The people who spell: the last students from the Mexican National School for the Deaf

Autor/a: RAMSEY, Claire L.
Año: 2011
Editorial: Wasington DC: Gallaudet University Press, 2011
Tipo de código: ISBN
Soporte: Papel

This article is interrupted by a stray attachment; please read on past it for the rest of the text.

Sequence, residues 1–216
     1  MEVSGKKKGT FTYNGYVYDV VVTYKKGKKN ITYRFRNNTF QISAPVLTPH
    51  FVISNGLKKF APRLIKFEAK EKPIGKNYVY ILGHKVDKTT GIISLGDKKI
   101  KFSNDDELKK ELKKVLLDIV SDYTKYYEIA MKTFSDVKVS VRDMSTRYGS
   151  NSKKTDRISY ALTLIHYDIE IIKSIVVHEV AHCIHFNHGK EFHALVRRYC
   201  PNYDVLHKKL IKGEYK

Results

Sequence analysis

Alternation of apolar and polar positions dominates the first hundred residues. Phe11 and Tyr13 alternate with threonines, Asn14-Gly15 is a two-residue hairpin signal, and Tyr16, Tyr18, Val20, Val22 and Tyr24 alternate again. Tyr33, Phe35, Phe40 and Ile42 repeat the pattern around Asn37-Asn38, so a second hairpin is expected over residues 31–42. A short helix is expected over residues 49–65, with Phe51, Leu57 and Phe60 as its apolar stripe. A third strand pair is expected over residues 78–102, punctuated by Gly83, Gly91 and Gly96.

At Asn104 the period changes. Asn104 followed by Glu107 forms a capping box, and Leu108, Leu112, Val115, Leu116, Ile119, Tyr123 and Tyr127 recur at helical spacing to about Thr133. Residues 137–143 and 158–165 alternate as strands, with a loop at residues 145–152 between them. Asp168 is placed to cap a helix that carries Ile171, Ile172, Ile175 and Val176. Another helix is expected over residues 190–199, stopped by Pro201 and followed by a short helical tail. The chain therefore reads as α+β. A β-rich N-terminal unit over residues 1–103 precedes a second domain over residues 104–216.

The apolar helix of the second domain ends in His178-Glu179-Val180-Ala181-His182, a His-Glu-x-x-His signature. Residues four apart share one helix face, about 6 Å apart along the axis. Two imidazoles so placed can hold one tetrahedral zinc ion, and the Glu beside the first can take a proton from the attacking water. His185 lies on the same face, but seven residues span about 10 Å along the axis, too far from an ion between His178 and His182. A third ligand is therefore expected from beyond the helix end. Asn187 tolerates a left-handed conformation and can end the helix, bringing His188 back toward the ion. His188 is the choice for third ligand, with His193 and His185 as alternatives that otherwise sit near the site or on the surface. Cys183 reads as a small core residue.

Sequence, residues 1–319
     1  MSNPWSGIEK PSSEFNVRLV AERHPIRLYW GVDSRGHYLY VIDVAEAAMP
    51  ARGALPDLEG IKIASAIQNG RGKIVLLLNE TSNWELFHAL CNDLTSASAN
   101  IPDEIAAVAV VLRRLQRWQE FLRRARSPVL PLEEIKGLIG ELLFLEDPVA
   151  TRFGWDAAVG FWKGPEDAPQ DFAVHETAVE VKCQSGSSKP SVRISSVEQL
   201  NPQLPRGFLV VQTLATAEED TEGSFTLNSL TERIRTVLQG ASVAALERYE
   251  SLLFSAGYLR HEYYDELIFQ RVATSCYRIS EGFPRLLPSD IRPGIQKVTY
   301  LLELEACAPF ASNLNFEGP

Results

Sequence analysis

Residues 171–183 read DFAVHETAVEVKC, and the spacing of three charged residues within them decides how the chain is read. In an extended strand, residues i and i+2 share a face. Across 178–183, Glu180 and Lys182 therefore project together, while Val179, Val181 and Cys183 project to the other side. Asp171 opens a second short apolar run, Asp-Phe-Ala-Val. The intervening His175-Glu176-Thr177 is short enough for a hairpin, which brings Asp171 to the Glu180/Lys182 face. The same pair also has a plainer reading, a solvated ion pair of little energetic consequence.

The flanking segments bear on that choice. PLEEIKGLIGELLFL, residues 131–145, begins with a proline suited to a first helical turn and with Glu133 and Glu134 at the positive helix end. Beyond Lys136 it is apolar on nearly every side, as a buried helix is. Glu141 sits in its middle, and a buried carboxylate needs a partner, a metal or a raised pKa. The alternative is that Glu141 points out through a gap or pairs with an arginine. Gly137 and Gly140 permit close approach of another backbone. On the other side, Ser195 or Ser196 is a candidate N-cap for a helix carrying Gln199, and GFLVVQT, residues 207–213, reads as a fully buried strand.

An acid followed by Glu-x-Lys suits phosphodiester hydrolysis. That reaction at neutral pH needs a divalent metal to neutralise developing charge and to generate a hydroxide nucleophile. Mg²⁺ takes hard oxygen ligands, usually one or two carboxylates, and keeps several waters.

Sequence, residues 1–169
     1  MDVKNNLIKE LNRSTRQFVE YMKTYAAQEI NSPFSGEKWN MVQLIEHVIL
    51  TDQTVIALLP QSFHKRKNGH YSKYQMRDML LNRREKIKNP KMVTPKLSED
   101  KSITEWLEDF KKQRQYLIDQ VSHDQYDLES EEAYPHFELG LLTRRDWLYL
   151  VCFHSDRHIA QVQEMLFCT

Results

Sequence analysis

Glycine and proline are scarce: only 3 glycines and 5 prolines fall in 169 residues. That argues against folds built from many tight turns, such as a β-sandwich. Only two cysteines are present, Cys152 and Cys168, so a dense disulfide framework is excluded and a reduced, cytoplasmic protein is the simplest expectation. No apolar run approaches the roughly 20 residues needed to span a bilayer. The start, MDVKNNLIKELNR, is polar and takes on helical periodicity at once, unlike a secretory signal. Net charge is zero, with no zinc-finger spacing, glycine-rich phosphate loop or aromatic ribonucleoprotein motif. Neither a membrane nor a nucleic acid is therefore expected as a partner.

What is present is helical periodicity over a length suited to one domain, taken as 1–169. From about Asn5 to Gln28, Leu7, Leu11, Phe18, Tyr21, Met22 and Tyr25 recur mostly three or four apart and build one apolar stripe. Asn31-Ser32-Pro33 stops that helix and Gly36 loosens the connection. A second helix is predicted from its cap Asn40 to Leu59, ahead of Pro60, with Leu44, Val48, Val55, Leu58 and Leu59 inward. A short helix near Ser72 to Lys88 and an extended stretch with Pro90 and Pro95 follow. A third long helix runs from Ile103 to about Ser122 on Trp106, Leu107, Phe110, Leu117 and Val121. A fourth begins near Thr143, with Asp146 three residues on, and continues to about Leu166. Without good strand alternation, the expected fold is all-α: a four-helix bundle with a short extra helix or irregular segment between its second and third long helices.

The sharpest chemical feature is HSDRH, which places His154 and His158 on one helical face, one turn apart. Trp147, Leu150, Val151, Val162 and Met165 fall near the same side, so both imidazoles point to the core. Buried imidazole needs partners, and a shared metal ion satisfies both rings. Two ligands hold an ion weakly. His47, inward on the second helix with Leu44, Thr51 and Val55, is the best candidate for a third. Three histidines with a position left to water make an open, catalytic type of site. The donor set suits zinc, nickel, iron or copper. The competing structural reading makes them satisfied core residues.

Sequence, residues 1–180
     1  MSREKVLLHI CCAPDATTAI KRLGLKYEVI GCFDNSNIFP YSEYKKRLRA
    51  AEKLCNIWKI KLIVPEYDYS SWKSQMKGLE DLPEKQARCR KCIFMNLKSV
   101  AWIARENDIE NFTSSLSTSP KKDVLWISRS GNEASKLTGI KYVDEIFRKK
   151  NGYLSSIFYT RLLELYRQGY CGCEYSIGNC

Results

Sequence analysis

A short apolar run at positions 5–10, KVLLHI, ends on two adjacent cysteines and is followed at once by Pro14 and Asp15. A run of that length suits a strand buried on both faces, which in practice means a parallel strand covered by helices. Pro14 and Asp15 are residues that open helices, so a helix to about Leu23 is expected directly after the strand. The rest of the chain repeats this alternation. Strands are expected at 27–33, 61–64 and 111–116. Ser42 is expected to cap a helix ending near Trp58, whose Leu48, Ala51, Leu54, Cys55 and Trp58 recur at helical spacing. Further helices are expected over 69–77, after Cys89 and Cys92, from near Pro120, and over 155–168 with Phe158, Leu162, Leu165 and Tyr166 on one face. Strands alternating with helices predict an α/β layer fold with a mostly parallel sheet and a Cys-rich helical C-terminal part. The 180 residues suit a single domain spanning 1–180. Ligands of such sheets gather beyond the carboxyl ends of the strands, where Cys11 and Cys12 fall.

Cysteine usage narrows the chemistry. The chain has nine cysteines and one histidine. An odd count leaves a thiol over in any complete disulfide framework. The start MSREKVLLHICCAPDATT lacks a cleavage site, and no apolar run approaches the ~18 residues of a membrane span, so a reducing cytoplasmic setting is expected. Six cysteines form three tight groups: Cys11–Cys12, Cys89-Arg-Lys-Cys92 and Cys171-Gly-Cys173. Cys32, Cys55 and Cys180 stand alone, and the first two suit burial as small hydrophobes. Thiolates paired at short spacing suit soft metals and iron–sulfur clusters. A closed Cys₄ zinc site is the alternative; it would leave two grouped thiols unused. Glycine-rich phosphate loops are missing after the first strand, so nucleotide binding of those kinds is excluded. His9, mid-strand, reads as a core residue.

The Escuela Nacional para Sordomudos (ENS), translated as the Mexican National School for the Deaf, opened its doors in the 1860s as part of the new democracy’s intention to educate its deaf people. The ENS taught using Lengua de Señas Mexicana (LSM), Mexico’s native sign language, but the school was closed permanently in 1972 in favor of an oral approach to deaf education. Thus, its former students still alive today provide the last link to this historical institution. In this compelling social history, Claire L. Ramsey presents these unique Deaf Mexicans from their extraordinary experiences as ENS students and signers to their current personal lives. One ENS signer, María de los Ángeles Bedolla, inspired the title of the book, The People Who Spell. In her account, she describes herself and her classmates as cultured and educated compared to the young, orally trained students of today. The ENS signers pride themselves on el deletreo, LSM fingerspelling, which they consider key to their sophistication. Ramsey relates each of the signers’ childhoods, marriages, work experiences, and retirements. However, she brings threads of their stories together to reveal a common and abiding disappointment in modern-day Mexico’s failure to educate its deaf citizens according to the promise made more than 100 years ago. The narratives of the ENS signers detail their remarkable lives and heritage but also legitimately question the future of Mexico’s young deaf people.